Malaysia’s Openness to “True Friend” China: An Attempt at Economic Stability

Chinese Premier Li Qiang Red carpet treatment He arrived in the Southeast Asian nation of Malaysia on Tuesday for the final leg of a three-country regional tour.

In his first two stops, New Zealand and Australia, Lee had to navigate complicated relationships with major trading partners beset by simmering differences.

But Li’s final stop was in friendlier territory. Malaysia’s Prime Minister Anwar Ibrahim has adopted a much more open stance towards Beijing and China. In public statements and interviews, Anwar has criticized growing “Sinophobia,” stressed his country’s non-aligned status, and called Chinese President Xi Jinping an “outstanding” leader. Said Malaysia is seeking to join the BRICS international alliance ahead of PM Lee’s visit.

By the time Lee leaves Malaysia on Thursday, Anwar It is called China is a “true friend.”

During Prime Minister Li’s visit, China I agreed to allow Import of fresh durian from Malaysia. Durian is a prickly, pungent fruit that is becoming increasingly popular among Chinese consumers. Malaysia, one of the world’s largest producers of durian, could only export frozen durian and related products to China until now. Malaysia exported $253 million worth of frozen durian products to China last year.

China and Malaysia sign Over 12 agreements A new five-year trade and economic cooperation agreement was also signed during Premier Li Keqiang’s visit to the Southeast Asian countries.

Li also attended the ground-breaking ceremony for the terminal of Malaysia’s East Coast Rail Link (ECRL) in Gombak, Selangor. The ambitious China-backed ECRL project aims to link both coasts of Peninsular Malaysia. The Chinese premier said Beijing has Can be connected The ECRL will also apply to other Chinese-funded railway projects in Laos and Thailand, further expanding the country’s global infrastructure initiative, the Belt and Road Initiative, into the region.

Why is Malaysia and Anwar so soft on China?

China has been Malaysia’s largest trading partner for more than a decade and the Southeast Asian country needs to maintain good relations with Beijing.

“If the economy is not in the best shape and this much support is needed, you can’t be picky,” said Ei Soon Oh, a senior fellow at the Institute of International Affairs in Singapore.

Malaysia’s GDP 3.7% increase The growth rate for 2023 is expected to fall short of the government’s target of 4.0-5.0%. The government cited “weak external demand” as the reason for the weaker-than-expected result. Malaysia’s currency, the ringgit, has been trading at 1.6%. Weakened In recent years, the prices of imported goods have risen, leading to inflation.

The economy is becoming a bigger political concern for Anwar: 43% of Malaysians say they are unhappy with the government’s economic policies, up from 19% last year. November poll From Merdeka Centre.

Anwar visited China twice last year and secured “some pretty big investment deals” from Chinese companies during that visit, said Sheena Yue, a Singapore-based economist at Capital Economics.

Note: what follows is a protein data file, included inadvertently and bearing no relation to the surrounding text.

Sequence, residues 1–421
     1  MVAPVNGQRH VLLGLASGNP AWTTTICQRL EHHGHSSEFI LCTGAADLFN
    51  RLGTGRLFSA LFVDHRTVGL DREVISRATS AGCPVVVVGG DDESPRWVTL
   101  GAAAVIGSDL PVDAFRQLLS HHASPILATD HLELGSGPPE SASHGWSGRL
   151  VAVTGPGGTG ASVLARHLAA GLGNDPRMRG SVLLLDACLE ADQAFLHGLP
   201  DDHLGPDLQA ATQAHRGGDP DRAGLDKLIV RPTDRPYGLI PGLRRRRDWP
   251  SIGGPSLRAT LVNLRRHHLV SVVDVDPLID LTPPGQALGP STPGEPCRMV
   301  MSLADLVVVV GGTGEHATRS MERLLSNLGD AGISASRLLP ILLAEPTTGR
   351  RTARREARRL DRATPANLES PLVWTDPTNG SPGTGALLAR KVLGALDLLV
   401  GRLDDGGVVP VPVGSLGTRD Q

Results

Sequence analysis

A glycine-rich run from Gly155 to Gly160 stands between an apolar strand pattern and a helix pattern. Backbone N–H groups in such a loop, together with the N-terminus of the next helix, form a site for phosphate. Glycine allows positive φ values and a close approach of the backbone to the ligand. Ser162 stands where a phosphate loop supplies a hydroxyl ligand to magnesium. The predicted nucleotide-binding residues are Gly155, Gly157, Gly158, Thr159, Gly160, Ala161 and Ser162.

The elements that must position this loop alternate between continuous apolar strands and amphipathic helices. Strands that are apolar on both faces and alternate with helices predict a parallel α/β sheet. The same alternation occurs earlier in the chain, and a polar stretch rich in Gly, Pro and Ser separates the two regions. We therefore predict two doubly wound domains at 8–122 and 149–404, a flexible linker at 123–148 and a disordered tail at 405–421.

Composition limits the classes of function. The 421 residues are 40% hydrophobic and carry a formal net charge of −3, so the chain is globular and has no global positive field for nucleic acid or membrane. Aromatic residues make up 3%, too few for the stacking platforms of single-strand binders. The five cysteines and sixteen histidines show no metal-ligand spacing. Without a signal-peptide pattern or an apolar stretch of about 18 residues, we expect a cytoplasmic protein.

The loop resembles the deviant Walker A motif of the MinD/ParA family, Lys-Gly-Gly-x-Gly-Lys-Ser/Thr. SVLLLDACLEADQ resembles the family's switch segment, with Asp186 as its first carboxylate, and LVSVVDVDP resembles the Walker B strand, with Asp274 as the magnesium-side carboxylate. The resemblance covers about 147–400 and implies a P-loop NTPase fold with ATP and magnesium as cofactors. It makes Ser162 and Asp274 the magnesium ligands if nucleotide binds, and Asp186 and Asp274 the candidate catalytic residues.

Yue pointed to the extension of the visa-free travel agreement between China and Malaysia as a tangible benefit of Li’s visit. Before the COVID-19 pandemic, China was the third-largest supplier of visitors to the Southeast Asian country. But numbers have not recovered since China relaxed quarantine restrictions in early 2023. Only 1.5 million Chinese people visited Malaysia in 2023, significantly lower than the 3.1 million in 2019.

Geopolitics may also be playing a role. Malaysia’s government has long pursued a non-aligned strategy that is sometimes misconstrued as pro-China, said Rahman Yaakob, a research fellow at the Lowy Institute’s Southeast Asia Program. “Malaysia is trying to attract as many investment and trade partners as possible,” he said.

Weng Chong Chia, an Asia analyst at the Economist Intelligence Unit, said Anwar’s positive stance on BRICS membership could be a ploy to “enhance Malaysia’s international standing”.

Cheah and Oh believe the war in Gaza could also foster friendly relations between Malaysia and China, many of whom support Palestine. Kentucky Fried Chicken and Starbucks To protest US support for Israel.

Anwar also Defense strengthened He argued that maintaining ties with Hamas would allow him to help broker peace in the region.

But Yaacob doesn’t believe the war in Gaza is the cause of Anwar’s turn to China. Instead, analysts at the Lowy Institute see the prime minister’s approach as a way to foster a stable economy.

“Any government needs economic stability to survive,” he said. Anwar experienced this “first-hand,” having served as Malaysia’s deputy prime minister during the Asian financial crisis. “He knows that economic distress leads to political and security instability,” Yaakob said.

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